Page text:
Boeing is going to have to pull something out of its hat if it is going to beat NG on an airplane v. airplane basis.


User currently offlineKC135TopBoom From United States of America, joined Jan 2005, 12128 posts, RR: 52
Reply 21, posted (6 years 1 week 2 days 22 hours ago) and read 3826 times:



Quoting Bennett123 (Reply 15):
How many jobs will be created by converting KC135E to KC135R, which seems the most obvious short term answer.

Not that many, maybe 2,000 new jobs, or so. But, it will keep the CFM-56-B2 production line open for a few more years.

Quoting Gsosbee (Reply 17):
The A330 is one generation newer than the 767 and is a superior airplane to the 767

Just because the A-330 is a newer design, does not mean it is superior to the B-767 in this application.

Quoting Dougbr2006 (Reply 18):
Though they will probably out price themselves as a B767200 is in the range of US$ 125-135 million and a B777200 is in the range of US$ 200-225 million before discounts of course. He He. The A330200 is in the range of US$ 139-145 million. (Note the prices are commercial pricing and do not include the large discounts usually given for large orders.

I believe the prices for the KC-767AT was $120M (average, each) vs. the KC-30B price of $150M.


User currently offlineGsosbee From United States of America, joined Jan 2005, 825 posts, RR: 0
Reply 22, posted (6 years 1 week 2 days 20 hours ago) and read 3803 times:



Quoting KC135TopBoom (Reply 21):
Just because the A-330 is a newer design, does not mean it is superior to the B-767 in this application.

Unfortunately it does in this instance. The NG airplane can fly more further and cheaper (ton miles/fuel unit) than the Boeing airplane.

TopBoom your desire to see a Boeing airplane selected is well documented. If Boeing had an airplane that could compete with the NG airplane, I would be right there with you. However, Boeing just does not have that airplane. They cannot overcome more lift capacity. Any economic advantage Boeing might have is washed away when you consider it will take 1 1/3 to 1 1/2 Boeing flights to match the lift. Fewer engines turning to move the same tonnage equates to a better deal.

Also, for all of Boeing's self pronounced experience in the tanker business, they seemed to have issues delivering tankers to Japan and Italy.

Boeing cannot win this thing without: (a) the decision being made by politicians (turns this intyo a jobs program instead of providing the best war fighting tool; or (b) Boeing somehow finding a way to introduce a 777 into the mix. If (a) is the answer, they just need to say so and get on with it.


User currently offlineBlatantEcho From United States of America, joined Sep 2000, 1903 posts, RR: 1
Reply 23, posted (6 years 1 week 2 days 16 hours ago) and read 3768 times:

Ugh, when did JOBS become the be-all-end-all of every single policy decision in this country?


The government is bloated an inefficient enough as is, not sure what JOBS has to do with choosing the best airplane for a given mission profile.



They're not handing trophies out today
User currently offlineCurt22 From United States of America, joined Jul 2007, 335 posts, RR: 0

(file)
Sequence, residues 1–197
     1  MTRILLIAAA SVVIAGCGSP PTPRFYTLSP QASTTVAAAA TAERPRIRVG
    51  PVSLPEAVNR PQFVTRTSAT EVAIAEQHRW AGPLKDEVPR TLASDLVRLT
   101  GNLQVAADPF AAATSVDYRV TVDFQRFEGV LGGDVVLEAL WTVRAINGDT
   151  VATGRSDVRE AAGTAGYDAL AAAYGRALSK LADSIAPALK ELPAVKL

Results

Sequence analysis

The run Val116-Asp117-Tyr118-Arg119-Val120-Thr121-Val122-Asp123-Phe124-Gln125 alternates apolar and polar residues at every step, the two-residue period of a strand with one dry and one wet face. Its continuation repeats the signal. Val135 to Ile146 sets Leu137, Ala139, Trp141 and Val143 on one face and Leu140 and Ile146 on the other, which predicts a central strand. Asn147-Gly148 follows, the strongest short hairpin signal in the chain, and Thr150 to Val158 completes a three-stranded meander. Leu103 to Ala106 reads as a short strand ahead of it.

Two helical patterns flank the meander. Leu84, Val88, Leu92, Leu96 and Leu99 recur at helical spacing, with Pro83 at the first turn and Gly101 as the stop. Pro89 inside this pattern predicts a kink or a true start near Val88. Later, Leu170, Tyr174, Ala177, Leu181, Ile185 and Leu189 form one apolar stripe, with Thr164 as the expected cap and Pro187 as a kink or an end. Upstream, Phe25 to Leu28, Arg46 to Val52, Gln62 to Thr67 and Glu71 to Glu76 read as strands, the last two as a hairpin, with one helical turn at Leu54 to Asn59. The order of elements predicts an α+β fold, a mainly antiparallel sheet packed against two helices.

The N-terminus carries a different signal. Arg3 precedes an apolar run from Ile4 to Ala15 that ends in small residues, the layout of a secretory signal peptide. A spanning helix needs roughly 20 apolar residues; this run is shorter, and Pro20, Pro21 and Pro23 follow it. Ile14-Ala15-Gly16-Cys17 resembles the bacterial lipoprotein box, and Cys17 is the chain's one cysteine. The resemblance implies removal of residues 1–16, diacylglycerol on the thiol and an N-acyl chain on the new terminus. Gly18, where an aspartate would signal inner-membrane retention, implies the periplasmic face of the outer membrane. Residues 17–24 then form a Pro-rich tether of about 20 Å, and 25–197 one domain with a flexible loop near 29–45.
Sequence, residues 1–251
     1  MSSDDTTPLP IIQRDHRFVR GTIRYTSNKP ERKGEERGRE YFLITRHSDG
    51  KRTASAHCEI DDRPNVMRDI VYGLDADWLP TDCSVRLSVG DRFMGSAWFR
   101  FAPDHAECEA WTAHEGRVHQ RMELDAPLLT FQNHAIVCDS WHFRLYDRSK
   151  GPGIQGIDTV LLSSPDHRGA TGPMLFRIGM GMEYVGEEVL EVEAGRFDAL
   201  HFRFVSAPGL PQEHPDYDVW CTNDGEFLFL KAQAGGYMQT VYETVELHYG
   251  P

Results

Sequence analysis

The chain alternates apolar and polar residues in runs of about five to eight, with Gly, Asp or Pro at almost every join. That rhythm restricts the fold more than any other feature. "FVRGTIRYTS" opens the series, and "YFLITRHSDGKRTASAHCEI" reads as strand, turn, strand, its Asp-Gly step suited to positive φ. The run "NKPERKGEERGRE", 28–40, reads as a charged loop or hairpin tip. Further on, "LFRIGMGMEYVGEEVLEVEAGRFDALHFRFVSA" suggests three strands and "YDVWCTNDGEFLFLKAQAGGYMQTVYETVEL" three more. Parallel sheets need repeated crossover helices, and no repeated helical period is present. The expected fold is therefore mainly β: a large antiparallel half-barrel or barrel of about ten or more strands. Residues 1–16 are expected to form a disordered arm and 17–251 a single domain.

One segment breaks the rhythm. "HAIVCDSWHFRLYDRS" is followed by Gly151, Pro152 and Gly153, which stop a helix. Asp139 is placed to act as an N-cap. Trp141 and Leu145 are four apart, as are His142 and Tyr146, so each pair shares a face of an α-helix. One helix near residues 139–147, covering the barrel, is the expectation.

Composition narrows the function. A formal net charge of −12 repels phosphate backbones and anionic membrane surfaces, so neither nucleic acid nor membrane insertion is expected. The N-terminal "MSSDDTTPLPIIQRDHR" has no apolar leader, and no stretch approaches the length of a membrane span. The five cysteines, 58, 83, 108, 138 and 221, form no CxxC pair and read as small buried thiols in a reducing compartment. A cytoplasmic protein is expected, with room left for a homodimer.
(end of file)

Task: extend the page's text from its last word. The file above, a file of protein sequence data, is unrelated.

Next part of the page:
Reply 24, posted (6 years 1 week 2 days 14 hours ago) and read 3748 times:



Quoting AutoThrust (Reply 1):
Boeing can say what they want but 45000 is a marketing lie. To dramatize is even so a good way to influence the simpleminded working class and politicians.

So 45000 jobs quoted by Boeing is a LIE...but EADS quoting 44,000 US jobs for the fraction of the work, final assembly in the US is true?

No one is fooled.


25 Ken777 : Government programs can create jobs. Look at state universities, which not only create jobs within the university, but also within the community. The
26 Osiris30 : Right after democracy was established I believe If the mission is to offload half the fuel capacity of the 767 tanker, how (and I'm dieing to hear yo
27 Post contains links Zeke : Interesting comments, considering that NG is saying that the KC-45 will generate 14,147 jobs, the additional positions to get to their 48,337 job is
28 AutoThrust : NG never said they will create 44000 jobs they said they will support that much from 230 companies in the US. They quoted 14,147 which will be direct
29 Gsosbee : Been there done that. Do you not understand how much it costs to put KC-135's in the air from three tag-along-bases just to refuel a squadron of F-16
30 Osiris30 : I suppose the question is where are the loiter points going to be. We've been 'spoiled' by recent combat. There hasn't been a credible threat to an a
31 Ken777 : Actually I believe McCain is more likely to use the military. He grew up in the elite levels of the military with a grandfather and father being admi
32 Post contains links KC135TopBoom : The primary mission is air refueling. The new tanker will do this on more than 99% of all missions flown. The average fuel off-loaded will be less th
33 Post contains links Zeke : NG also have press releases on a state by state basis if you look at their web site ( http://www.northropgrumman.com/kc45/benefits/impact.html ) , an
34 Gsosbee : The mission profile can be changed if the aircraft is more flexible. It is not what has happened in the past - it is how can we do it better in the f
35 NorCal : The USAF will still like the same number of booms in the air for any given mission because more booms mean the planes will get refueled quicker. If y
36 Ken777 : There are more than a few top notch state schools. MIT on the Right Coast isn't too bad USC, UCLA, Berkley on the Left Coast deliver some good gradua
37 Gsosbee : I believe they bought all of the KC10's that they could afford, and the reason they bought them is the fact they can haul cargo and refuel at the sam
38 KC135TopBoom : No, the mission cannot change, to the degree you think it can. The KC-10 carries most of the cargo shipped on tankers, now, for a total of only 1% of
39 Zeke : Where has Boeing ever said these numbers ? I cannot see how it could ever be this high, that is even more then the C17 production, or what Boeing was
40 WAH64D : Sorry, the above quote is ill-educated at best and utter bollocks into the bargain. If this, but that. Very funny that the Boeing fanboys try to limi